A remote desktop connection to a host server or broker is not always seamless. If unsuccessful, you will need to check the network, firewalls, security certificates and many other items to find the problem.
1. Network failure
Underlying network failure is the most common remote desktop problem. To verify connectivity, connect a laptop to the network port from which the user tries to connect, then use a Ping or Tracert command to determine the status of the connection to the host server or connection broker. Remember, however, that this way of testing the connectivity of your remote desktop only works if you allow ICMP packets to pass through firewalls on your network.
If the user who experiences the problem is connected via a virtual private network (VPN) or TS Gateway (Terminal Services), the problem may be with the user’s computer, the VPN or gateway, or your remote office infrastructure. In these cases, to diagnose a remote desktop issue, you must proceed by elimination. For example, try to connect to the VPN using a client computer configured properly and a reliable user account in order to determine whether you can establish a remote desktop connection. An easy way to rule out network failure is to hire a reputable IT support service near you.
2. Firewall Problems
We often forget that a firewall can cause remote desktop connection problems, yet it is quite often the case. To avoid problems related to the firewall, make sure that the port used by your remote desktop software is open to all active firewalls between client computers and the server to which they connect. The difficulty is that you may need to configure multiple firewalls. Thus, the client and server can both run the Windows Firewall, or more firewalls can be installed between the two systems.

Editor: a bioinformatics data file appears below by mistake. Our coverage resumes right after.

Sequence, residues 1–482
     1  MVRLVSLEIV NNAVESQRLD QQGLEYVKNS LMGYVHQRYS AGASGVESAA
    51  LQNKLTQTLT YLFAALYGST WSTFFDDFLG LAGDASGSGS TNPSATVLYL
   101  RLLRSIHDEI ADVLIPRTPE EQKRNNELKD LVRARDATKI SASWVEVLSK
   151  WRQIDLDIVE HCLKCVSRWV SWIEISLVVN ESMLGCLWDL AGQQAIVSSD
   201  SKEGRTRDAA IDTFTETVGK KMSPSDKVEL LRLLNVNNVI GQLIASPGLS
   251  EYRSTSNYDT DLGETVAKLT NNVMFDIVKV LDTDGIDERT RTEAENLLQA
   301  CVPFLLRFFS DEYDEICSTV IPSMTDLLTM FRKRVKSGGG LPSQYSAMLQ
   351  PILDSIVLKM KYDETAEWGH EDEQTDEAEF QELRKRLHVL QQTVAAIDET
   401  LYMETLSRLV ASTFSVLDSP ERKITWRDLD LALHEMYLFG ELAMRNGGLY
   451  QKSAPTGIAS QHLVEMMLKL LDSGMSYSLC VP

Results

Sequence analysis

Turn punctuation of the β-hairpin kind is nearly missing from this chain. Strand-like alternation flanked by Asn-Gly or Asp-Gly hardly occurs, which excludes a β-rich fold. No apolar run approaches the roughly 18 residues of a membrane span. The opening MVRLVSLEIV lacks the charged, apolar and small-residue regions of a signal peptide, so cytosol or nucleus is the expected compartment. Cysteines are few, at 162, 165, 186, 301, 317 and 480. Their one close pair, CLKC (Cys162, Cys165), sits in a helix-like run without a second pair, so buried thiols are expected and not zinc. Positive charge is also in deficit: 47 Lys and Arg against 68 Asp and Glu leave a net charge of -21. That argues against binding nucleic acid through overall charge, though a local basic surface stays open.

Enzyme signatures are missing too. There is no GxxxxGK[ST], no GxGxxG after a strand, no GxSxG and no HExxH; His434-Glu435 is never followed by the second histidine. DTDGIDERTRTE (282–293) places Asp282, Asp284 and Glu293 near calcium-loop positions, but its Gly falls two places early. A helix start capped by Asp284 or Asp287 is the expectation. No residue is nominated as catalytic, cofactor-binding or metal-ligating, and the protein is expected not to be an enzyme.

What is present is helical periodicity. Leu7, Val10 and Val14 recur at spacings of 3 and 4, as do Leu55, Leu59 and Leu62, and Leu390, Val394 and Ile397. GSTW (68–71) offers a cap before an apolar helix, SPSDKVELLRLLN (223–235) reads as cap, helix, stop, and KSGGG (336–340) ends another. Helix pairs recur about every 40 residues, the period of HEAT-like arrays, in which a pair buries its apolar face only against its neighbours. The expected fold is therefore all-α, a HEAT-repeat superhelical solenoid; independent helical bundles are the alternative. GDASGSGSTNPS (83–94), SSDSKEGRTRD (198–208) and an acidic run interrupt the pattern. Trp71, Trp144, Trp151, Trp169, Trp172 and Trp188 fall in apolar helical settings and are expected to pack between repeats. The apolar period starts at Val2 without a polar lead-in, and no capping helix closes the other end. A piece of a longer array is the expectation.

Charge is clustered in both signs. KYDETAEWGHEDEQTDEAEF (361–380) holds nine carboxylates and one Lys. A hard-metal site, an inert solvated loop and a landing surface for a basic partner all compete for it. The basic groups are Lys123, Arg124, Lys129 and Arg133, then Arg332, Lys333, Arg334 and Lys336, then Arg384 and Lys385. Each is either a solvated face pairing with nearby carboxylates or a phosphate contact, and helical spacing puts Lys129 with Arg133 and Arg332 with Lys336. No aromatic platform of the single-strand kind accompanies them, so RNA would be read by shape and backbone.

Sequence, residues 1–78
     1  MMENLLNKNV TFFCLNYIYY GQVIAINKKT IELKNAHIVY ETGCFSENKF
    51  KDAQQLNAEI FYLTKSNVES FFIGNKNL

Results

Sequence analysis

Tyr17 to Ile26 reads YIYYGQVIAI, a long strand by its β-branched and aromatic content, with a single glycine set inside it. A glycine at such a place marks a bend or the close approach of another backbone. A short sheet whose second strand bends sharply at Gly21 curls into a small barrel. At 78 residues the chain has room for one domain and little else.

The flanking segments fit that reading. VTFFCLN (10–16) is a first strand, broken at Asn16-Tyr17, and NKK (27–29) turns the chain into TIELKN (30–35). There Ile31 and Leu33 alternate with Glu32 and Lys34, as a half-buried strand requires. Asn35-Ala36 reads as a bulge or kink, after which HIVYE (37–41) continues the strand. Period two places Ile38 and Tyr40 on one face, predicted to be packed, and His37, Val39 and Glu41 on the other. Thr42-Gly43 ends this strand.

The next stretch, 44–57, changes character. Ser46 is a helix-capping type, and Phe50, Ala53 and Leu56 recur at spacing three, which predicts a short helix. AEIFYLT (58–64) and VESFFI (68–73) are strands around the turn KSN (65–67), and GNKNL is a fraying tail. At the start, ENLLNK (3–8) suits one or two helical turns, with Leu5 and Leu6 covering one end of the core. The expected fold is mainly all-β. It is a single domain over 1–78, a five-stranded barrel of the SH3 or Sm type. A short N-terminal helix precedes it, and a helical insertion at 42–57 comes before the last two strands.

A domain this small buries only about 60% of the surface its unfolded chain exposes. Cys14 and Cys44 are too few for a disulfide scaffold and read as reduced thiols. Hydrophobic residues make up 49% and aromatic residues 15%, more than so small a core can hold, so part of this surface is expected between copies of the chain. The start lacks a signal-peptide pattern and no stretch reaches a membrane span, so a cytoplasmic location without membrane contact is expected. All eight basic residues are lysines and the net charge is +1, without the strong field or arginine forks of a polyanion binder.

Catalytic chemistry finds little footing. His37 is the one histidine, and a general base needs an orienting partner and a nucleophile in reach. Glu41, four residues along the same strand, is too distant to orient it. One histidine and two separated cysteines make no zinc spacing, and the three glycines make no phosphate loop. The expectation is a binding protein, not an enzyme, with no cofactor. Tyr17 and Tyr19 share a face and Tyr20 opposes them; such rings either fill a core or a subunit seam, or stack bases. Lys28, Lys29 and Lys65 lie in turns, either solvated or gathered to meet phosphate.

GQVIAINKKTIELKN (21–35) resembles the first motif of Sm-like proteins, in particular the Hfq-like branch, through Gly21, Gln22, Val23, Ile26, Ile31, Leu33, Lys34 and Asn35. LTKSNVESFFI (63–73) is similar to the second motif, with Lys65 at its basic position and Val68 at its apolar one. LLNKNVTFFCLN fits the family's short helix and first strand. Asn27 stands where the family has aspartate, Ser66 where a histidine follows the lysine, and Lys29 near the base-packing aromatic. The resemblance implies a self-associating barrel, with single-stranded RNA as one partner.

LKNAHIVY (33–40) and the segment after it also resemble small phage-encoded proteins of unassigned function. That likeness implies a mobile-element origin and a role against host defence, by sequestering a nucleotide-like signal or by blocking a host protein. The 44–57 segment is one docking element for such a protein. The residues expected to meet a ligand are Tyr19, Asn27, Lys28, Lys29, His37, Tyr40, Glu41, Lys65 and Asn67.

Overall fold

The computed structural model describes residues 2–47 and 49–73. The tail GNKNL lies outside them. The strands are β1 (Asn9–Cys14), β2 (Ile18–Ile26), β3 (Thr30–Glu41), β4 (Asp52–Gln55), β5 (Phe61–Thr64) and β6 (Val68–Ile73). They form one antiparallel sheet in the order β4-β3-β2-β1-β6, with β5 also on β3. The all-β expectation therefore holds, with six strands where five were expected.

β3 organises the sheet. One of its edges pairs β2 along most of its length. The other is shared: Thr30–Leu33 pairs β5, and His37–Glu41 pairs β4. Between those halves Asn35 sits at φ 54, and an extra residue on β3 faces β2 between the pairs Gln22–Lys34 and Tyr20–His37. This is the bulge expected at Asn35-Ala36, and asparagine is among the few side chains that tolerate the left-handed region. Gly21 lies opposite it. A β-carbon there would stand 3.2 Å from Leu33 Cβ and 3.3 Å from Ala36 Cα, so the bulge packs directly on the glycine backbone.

3. SSL certificate problems
Security certificates may also cause remote desktop connectivity problems. A number of VDI products use the SSL (Secure Sockets Layer) when users access VDI sessions outside the network perimeter. But beware, SSL encryption requires the use of certificates; operation which takes into account both issues related to remote offices.
First, for remote offices that are connected correctly, the client computers must trust the certification authority that issued the certificate. This approval does not normally cause problems for organizations that buy their certificates from widely recognized authorities. However, customers do not always approve of the certificates an organization internally generates. At the same time, customers must be able to verify the certificate used by the server. The verification process may be interrupted in case of expiry of the certificate, or if the name on it does not match the name of the server that uses it.
4. Network Level Authentication
The basic idea is that the host of the session is to authenticate the user before establishing a session. Not only authentication at the network level improves security, but it helps to decrease the amount of resources the VDI session may wish. Authentication at the network level can prevent remote desktop connection problems that may occur later in the session, but not all remote desktop clients support this.
If you use Microsoft and want to know if they provide this care, you can just click on the icon of this function, placed in the top left corner of the “Remote Desktop Connection” menu, then choose ” About “from the menu that appears. It should specify if it supports authentication at the Microsoft network. If no message specifies that your client supports this type of authentication, you can either proceed with the update client component, or disable the network-level authentication requirement on your VDI servers. Remember that authentication at the network activates sometimes via group policy settings.
Finally, you can have remote office connectivity problems if you exceed the infrastructure capacity; perhaps because you no longer have enough virtual desktops or VDI licenses. Some implementations refuse VDI client connections if the server is too busy, or when launching an additional virtual desktop session is likely to weaken the performance of sessions already in progress. The majority of these remote desktop connection problems can be avoided by advance planning. Make sure your SSL certificates are up to date, configure your firewalls and constantly monitor your VDI capacity.